|DAVID SALLE + ANILA QUAYYUM AGHA
at the Dallas Contemporary opens April 9th
at Todd Camplin
After the last dumpster is filled with the remains of Loris Gréaud’s show at the Dallas Contemporary,
there will be room for something we can look forward to seeing. That is, of course, the works by
David Salle and Anila Quayyum Agha.
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|David Salle was one of the first artists I identified with when I became aware of the greater art
world. On more than one painting I attempted to copy his style before looking for my own voice.
I came across his work in a contemporary art class as an undergraduate and then I continued
to research and look for his work in museums and gallery exhibitions. Unfortunately for me I have
seeN very little in person by Salle, so I am extremely excited that the Dallas Contemporary has
shown the wisdom to bring him to us. On April 9th, Thursday, he is going to be here to give a
talk and I am seriously thinking of skipping my day job just to go hear him. David Salle’s paintings
remix most of the late 20th century art into single art pieces. For Salle, originality is a myth and
one can only reshuffle the iconic artists’ styles and pay homage to their images. Thus he creates
something new with his montage paintings. I can imagine Salle thinking about Alex Katz when
painting some of his washed out portraits of women. Paintings of bodies pressed to canvas are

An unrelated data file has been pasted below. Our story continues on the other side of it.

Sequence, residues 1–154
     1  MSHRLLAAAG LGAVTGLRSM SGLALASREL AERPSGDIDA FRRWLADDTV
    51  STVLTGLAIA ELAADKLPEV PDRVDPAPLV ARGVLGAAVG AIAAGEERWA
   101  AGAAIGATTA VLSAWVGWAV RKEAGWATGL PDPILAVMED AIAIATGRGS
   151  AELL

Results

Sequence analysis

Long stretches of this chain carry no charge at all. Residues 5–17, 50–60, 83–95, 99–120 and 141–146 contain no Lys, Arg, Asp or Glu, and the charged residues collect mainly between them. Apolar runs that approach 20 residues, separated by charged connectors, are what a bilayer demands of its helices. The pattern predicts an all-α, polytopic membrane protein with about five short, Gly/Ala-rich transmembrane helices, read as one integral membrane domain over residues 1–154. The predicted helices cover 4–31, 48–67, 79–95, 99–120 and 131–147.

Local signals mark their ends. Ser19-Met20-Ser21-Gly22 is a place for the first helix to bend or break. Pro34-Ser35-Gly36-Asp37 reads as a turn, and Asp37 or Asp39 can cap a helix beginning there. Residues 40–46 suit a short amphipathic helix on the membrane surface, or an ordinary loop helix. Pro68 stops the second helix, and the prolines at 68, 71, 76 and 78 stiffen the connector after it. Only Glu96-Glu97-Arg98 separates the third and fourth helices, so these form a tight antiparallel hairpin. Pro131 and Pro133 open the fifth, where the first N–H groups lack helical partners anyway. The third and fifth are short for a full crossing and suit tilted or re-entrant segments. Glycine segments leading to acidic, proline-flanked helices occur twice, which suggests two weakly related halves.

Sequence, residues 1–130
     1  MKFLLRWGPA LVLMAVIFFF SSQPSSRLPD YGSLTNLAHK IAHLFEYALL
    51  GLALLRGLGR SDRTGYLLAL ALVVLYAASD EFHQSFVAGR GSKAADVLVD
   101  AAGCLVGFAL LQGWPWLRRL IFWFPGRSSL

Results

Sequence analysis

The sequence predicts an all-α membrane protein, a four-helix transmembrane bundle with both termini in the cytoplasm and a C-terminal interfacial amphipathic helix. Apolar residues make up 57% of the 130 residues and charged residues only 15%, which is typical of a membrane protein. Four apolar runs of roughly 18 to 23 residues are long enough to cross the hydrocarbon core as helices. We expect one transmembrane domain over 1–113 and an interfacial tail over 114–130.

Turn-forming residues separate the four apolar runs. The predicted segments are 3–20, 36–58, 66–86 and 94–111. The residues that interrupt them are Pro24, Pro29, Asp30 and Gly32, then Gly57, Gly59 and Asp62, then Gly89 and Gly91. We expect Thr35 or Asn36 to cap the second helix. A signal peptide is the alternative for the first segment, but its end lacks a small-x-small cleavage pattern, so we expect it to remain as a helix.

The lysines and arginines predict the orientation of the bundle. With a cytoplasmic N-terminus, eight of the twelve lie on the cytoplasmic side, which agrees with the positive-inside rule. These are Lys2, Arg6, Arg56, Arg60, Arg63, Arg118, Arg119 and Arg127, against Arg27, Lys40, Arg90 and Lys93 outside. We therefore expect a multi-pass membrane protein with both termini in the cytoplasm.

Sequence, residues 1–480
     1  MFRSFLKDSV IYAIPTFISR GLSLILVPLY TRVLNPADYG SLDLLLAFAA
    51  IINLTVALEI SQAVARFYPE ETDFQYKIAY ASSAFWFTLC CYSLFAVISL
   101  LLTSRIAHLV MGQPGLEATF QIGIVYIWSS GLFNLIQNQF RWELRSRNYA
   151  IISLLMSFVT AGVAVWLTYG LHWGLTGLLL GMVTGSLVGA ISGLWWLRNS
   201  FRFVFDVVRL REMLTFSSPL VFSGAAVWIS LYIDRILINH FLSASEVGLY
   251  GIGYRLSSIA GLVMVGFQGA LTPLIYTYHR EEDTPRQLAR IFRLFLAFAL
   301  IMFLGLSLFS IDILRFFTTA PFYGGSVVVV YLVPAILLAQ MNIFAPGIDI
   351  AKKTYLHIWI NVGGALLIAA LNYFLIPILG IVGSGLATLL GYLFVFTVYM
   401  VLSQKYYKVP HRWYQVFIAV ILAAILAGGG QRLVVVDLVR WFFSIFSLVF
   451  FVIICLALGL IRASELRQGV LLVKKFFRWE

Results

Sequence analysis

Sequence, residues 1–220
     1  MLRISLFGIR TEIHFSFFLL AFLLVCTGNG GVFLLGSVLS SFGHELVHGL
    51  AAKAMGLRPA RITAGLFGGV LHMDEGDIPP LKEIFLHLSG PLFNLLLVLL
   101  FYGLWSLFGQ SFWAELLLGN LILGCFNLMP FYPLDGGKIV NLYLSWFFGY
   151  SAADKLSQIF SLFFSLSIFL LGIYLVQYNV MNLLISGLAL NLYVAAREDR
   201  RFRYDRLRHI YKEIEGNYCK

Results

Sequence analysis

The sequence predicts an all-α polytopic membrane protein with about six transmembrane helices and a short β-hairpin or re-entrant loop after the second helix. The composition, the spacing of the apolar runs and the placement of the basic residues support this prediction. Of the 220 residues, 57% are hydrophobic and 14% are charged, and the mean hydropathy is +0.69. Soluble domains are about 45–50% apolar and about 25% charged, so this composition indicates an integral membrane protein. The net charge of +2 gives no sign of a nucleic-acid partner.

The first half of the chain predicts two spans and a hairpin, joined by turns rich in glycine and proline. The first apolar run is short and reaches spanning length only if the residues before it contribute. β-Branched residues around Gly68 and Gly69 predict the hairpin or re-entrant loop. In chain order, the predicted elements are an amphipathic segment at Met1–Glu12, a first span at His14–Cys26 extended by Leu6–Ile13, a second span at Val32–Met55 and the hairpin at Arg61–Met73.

clear references to Franz Kline. His abstract areas reference much of the development of artists
working like Jackson Pollack. However, these easy references are not completely copied but
stylized from the source. Much like the Baroque artists looked to the Renaissance artists for style
and form, Salle looks to late Modern for his. So does just about every other artist these days, at
least Salle is deadpan straightforward about his use of the recent past.
|Anila Quayyum Agha is another great catch for the Dallas Contemporary. She was the first artist
to win both prizes of the Artprize out of Grand Rapids, Michigan. And for good reason, that piece,
titled Intersection, is simply amazing and I can’t wait to see it installed at DC. Intersection is the
type of work that makes a room not just a room but an experience. Anila Quayyum Agha is
originally from Pakistan so some of the geometric iconography from Islamic culture runs through
this work. A light emanated from the center and the shadow of the patterns reflect on the wall.
I hope the DC will have a few of her drawings and paintings as well.
I failed to mention that Nate Lowman will also be showing, but I am deeply sceptical that his
work will inspire anything but more of the same shallow market art that is so prevalent at art
fairs nowadays. Lowman’s reloaded Pop has been historically soulless and his use of irony is
pretty weak. Yet, I could be pleasantly surprised, so I will cross my fingers and hope Lowman
has something thoughtful and interesting to offer for Dallas. This group of three artists will
show at the Dallas Contemporary starting on April 9th and run through August 23rd.